A Ducati 1299 Superleggera with a Carbon Fiber Frame??!

Ducati has begun teasing something very special, which for now is going by the name of “Project 1408” on a micro-website the Italian manufacturer has setup. The site itself has no information, and doesn’t even tease what Project 1408 could be, but Ducati has already begun reaching out to its VIP customers, teasing something made from carbon fiber. Sources tell us though that the Ducati Project 1408 is a new Superleggera model, based off the Ducati 1299 Panigale platform. This new superbike isn’t just the Ducati 1199 Superleggera with the 1299 motor bolted into it though, with our sources saying that the Ducati 1299 Superleggera takes the weight savings a step further, with the highlight being a carbon fiber chassis.

Honda Africa Twin Supermoto Concept by Nicolas Petit

The Honda Africa Twin doesn’t lend itself naturally to a supermoto format, though it is one of the most capable off-road adventure bikes on the market, but you have to admit that this photoshop render by French designer Nicolas Petit is very intriguing. Maybe it’s our obvious bias towards anything supermoto that is talking, or maybe it’s that there is something to the idea of taking the Africa Twin, adding 17” wheels, and lowering it just enough that riders can actually flat-foot the machine while sitting on it. Add in some styling cues that scream “supermotard” and you have a very handsome machine that is ready to conquer anything the urban environment can throw at it. Hell, it’s probably just a scary clown costume away from a good time on a gravel road. Right??!

Brad’s Leggero by Walt Siegl

The latest creation from Walt Siegl Motorcycles, Brad’s Leggero helps fill the void left behind by the departure of the Ducati Sport Classic from the Italian company’s lineup. Speaking to those who long for simpler machines, at the core of the Leggero is an air-cooled two-valve Ducati engine, which was built and blueprinted by Bruce Meyers Performance. Helping complete the café racer look is the bullet fairing bodywork, which takes a dash of modern by being made of Kevlar. The modern touches continue, with the use Öhlins suspension and radially mounted Brembo brakes. The effect is a tastefully done café racer that not only shines with real craftsmanship, but also does post-heritage right: taking the best of design from the past, without snubbing the progress of technology in the future.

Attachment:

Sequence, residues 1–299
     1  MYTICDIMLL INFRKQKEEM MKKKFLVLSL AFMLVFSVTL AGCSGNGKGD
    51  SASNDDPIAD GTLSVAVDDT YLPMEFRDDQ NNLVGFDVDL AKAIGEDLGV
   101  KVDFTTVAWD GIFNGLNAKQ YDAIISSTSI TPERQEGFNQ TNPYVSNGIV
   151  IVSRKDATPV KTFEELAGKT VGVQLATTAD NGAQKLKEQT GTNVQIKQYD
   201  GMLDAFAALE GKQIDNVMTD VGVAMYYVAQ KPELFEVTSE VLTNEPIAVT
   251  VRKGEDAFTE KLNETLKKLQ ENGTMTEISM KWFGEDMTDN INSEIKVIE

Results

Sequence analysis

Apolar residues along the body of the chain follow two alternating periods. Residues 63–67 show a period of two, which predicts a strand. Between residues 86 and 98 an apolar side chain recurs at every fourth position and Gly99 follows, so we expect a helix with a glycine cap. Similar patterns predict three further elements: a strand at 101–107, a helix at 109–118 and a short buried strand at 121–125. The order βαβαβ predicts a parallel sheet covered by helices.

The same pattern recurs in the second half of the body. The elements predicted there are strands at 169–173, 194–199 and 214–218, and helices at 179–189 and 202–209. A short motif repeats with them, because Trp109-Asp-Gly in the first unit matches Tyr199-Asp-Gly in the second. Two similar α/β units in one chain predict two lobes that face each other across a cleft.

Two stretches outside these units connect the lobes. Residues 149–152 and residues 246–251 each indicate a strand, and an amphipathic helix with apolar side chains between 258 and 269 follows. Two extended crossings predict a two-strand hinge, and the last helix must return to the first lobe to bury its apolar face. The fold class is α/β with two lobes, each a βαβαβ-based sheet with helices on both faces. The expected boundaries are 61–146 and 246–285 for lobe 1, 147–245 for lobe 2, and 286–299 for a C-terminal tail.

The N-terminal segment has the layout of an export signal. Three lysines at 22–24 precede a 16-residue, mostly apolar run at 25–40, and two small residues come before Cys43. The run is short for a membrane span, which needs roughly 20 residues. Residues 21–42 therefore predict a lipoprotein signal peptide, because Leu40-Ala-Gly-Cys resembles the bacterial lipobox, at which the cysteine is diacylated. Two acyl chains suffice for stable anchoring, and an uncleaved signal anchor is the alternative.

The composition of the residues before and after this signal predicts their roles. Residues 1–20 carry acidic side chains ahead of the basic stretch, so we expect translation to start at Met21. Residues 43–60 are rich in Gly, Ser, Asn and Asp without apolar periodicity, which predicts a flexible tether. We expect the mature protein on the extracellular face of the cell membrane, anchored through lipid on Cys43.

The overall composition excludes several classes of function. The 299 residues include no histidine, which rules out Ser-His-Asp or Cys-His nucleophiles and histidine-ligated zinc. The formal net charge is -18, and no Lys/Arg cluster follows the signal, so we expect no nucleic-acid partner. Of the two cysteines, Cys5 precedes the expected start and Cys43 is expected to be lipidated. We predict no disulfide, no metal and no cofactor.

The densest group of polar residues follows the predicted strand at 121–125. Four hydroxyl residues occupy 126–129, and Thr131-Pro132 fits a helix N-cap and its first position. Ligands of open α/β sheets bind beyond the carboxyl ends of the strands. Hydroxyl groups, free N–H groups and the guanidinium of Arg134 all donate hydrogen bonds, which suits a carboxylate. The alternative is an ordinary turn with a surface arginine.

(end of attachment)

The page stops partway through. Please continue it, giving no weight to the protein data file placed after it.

More Photos of the 2017 Yamaha YZF-R6

Loyal Asphalt & Rubber readers will know how much we like our high-resolution photos here at A&R, so we wanted to make sure you could get a good high-res look at the 2017 Yamaha YZF-R6 that debuted today at the AIMExpo in Orlando, Florida. Yamaha has left its class-leading bike mostly unchanged for the next model year, when it comes to the R6 motor and chassis, which might disappoint some. But with the addition of R1-inspired styling, traction control, ABS brakes, and better suspension pieces, we think supersport fans will be pleased with this update. With the bar now set higher in the 600cc realm, hopefully we will see other manufacturers take up the challenge, and the supersport class will have new life breathed into it. We’ll have to wait and see on that. Until then, enjoy this modest photo gallery.

2017 Yamaha YZF-R6 Gets ABS, Traction Control, & More

The wait is finally over, as the 2017 Yamaha YZF-R6 debuted today at the AIMExpo in Orlando, Florida. As expected, the new Yamaha R6 visually borrows from the recently updated R1, with a similar headlight and intake setup featuring now on both machines. On the technical side of things, the 2017 Yamaha R6 is more evolution than revolution, with the basic chassis and engine configuration staying the same. However, updates for 2017 include a revised suspension package, ABS brakes, riding modes via ride-by-wire, traction control, and an optional quickshifter. While more of a model refresh, than an all-new model, Yamaha has gone to great lengths to improve upon a machine that is already leading the supersport category.

HJC Is Coming Out with Star Wars Themed Helmets